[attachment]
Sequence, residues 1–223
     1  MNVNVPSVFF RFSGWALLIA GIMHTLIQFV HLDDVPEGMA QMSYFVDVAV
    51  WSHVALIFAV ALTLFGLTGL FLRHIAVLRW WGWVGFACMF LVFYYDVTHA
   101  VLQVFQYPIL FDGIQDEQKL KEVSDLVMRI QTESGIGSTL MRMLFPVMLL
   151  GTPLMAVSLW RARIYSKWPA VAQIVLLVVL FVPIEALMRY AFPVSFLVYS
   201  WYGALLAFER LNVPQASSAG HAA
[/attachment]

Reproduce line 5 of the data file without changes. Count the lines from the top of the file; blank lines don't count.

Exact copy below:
   151  GTPLMAVSLW RARIYSKWPA VAQIVLLVVL FVPIEALMRY AFPVSFLVYS